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Publicly available data suggests that a Russian inspector satellite has shifted its position in orbit to bring it relatively close to a U.S. KH-11 spy satellite. Russia has a number of what it calls "space apparatus inspectors" in orbit, which the U.S. government and others warn the Kremlin could use to gather intelligence on other satellites or function as "killer satellites," using various means to damage, disable, or destroy those targets.

On Jan. 30, 2020, Michael Thompson, a graduate student at Purdue University focusing on astrodynamics, posted a detailed thread on Twitter about the Russian inspector satellite Cosmos 2542, also written Kosmos 2542, appearing to synchronize its orbit with a U.S. satellite known as USA 245, which is understood be one of the National Reconnaissance Office's KH-11 image gathering spy satellites. Russia launched this particular satellite from the Plesetsk Cosmodrome on Nov. 25, 2019, according to Space-Track.org, a U.S. government website that provides public data on space launches from the U.S. military's Combined Space Operations Center and the U.S.-Canadian North American Aerospace Defense Command. This is just one of a number of space apparatus inspectors and other curious satellites that the Kremlin has put into orbit over the past decade.
 

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In view of the challenges in space such as the increase of orbital debris, militarization of space will be "very bad," Charles Frank Bolden, former administrator of NASA, told Xinhua at the sideline of an international space conference in Israel.

The 15th Ilan Ramon international conference was hosted on Tuesday by the Israel Space Agency, a governmental body affiliated with the country's Ministry of Science and Technology, as part of the 2020 Israeli space week events.

Ilan Ramon is the first Israeli astronaut who died in the Space Shuttle Columbia disaster in 2003.

"It would be very unfortunate for people like me who want to be able to explore space freely," Bolden said, referring to militarization or weaponization of space.

"You can wipe that out in a heartbeat if you actually get engaged in full-blown militarization of space when people can start firing kinetic weapons at each other," he added.

One of the effects of those possible attacks, according to Bolden, is the increased amount of orbital debris which is already critically dense after decades of satellite launch and human missions to space.

To clean up the low Earth orbit of the satellite debris would be "a big challenge," Bolden told Xinhua, warning that it would become a significant problem "if we're not careful."

Other keynote speakers at the conference also pointed to the threat of the massively growing amount of satellites and the resulting debris in space.

However, Pascale Ehrenfreund, president of the International Astronautical Federation, also mentioned a business opportunity for launching services despite the concern of increasing debris.

Besides, the participants in the conference highlighted the role of the private sector in the space industry in recent years when the governmental agencies have started to see themselves as aggregators and regulators.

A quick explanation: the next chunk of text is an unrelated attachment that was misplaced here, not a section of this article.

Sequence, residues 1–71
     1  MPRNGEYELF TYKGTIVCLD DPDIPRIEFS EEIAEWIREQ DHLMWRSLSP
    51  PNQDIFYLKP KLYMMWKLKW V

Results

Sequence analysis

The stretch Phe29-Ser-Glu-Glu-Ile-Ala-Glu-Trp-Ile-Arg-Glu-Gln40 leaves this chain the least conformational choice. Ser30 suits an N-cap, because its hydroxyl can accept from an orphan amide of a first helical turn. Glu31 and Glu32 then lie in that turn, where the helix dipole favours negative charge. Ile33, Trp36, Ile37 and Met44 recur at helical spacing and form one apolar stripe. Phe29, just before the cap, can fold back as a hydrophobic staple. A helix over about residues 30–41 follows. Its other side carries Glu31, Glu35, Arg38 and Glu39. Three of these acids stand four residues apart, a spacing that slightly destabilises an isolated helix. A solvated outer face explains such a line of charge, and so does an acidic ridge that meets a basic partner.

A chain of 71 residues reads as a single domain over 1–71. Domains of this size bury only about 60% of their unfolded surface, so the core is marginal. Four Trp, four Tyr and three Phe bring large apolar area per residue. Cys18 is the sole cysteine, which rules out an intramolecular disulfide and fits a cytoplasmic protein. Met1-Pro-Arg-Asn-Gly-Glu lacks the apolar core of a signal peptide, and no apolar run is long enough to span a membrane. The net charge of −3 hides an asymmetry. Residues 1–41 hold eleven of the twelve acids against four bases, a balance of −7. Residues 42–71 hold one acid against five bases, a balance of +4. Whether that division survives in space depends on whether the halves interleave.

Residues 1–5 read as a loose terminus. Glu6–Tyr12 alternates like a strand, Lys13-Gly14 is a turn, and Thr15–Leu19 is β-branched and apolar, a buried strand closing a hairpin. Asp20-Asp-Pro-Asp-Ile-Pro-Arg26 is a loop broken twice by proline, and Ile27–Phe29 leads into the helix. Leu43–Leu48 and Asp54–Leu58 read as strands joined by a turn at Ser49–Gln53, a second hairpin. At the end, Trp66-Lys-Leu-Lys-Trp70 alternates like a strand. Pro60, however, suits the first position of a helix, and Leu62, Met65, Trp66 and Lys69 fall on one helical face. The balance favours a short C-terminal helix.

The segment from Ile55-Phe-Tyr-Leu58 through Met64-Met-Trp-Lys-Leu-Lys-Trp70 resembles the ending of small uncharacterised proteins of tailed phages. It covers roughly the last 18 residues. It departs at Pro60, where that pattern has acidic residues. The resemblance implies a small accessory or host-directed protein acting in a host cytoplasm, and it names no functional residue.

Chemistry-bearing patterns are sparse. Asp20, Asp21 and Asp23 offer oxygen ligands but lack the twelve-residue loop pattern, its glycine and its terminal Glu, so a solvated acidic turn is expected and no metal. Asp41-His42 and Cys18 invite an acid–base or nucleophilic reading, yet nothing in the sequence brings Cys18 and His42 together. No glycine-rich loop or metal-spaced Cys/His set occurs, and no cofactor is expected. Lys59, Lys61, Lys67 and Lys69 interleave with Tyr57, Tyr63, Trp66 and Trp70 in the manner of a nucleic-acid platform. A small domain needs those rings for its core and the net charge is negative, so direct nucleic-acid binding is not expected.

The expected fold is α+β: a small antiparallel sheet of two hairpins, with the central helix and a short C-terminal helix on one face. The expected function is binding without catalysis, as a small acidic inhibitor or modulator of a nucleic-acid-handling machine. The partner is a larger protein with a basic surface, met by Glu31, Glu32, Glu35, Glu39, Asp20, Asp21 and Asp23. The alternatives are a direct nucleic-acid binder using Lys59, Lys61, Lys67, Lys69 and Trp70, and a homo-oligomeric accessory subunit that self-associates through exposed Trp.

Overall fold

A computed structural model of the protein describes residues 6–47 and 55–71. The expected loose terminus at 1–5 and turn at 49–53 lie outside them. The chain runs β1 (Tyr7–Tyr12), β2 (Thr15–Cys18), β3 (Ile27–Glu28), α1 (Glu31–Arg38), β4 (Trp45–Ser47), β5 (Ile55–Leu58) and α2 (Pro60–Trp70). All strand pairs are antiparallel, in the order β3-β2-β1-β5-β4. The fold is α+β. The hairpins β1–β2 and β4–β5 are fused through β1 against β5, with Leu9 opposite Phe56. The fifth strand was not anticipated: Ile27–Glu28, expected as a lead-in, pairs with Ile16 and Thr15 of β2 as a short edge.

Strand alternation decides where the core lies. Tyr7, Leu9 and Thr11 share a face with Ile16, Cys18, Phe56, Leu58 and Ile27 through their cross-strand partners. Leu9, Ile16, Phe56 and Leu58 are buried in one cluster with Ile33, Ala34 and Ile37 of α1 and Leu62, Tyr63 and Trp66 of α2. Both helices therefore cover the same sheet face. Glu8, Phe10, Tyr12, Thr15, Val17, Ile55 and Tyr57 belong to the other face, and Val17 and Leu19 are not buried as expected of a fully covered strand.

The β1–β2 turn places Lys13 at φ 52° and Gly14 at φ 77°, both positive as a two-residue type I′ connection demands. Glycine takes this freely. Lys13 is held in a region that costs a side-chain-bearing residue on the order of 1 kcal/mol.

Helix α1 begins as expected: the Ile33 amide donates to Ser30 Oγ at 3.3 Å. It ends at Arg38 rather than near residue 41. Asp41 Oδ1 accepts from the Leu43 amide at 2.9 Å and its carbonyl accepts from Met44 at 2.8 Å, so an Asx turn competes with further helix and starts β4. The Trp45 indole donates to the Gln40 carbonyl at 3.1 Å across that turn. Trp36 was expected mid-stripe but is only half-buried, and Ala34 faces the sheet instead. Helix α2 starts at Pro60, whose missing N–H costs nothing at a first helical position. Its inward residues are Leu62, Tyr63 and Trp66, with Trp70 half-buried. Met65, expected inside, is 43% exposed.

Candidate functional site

On the future manned space missions to the moon, keynote speakers said they would be much more sustainable and prolonged with the ultimate goal of setting up permanent bases there.

Landing humans on Mars would be the next biggest challenge in the coming decade, they added.

Meanwhile, the space economy, which has hit about 350 billion U.S. dollars, will top a trillion dollars by 2040, according to Ehrenfreund.

Space activities in the next decade will include commercial space tourism, cheaper satellites for communication, navigation and monitoring, and more services for broader users, she said.
 

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Patrick Air Force Base in Florida will be the first base to be renamed as a Space Force base within the next 30 days, the commander of the 45th Space Wing at Patrick said Friday.

"It's exciting, but it is kind of fast. But it's been good," Brig. Gen. Douglas Schiess said. He said Space Force leadership was making sure "we are an agile service without a lot of bureaucracy to be able to get after what the nation needs us to do in continuing to be a space power."

Cape Canaveral Air Force Station, which has overseen the majority of the nation's rocket launches since the 1950s, soon will be renamed Cape Canaveral Space Force Station, Schiess said. Patrick is about 20 miles south of Cape Canaveral Air Force Station and helps support operations at the station.

President Trump signed the 2020 National Defense Authorization Act in December 2019, directing the establishment of the U.S. Space Force as the sixth branch of the armed forces. It is part of the Department of the Air Force.

Rapid growth in launch activity on Florida's Space Coast has occurred in recent years. Schiess said the 45th Space Wing has demonstrated that it can handle a pace of one rocket launch per week and even support two launches in one day. In 2018, the installation handled 24 launches, and 48 are scheduled for 2020, he said.

The 45th Space Wing provides weather forecasting, communications, security and other launch services, including monitoring the airspace and ocean waters around the launch pads at the Air Force station and Kennedy Space Center to ensure safety during a launch.

Patrick originally was a U.S. Navy seaplane base known as the Banana River Naval Air Station during World War II. It was renamed the Joint Long Range Proving Ground Base in 1949 and again renamed Patrick Air Force Base in August 1950, after Maj. Gen. Mason M. Patrick, chief of the American Expeditionary Force's Air Service in World War I.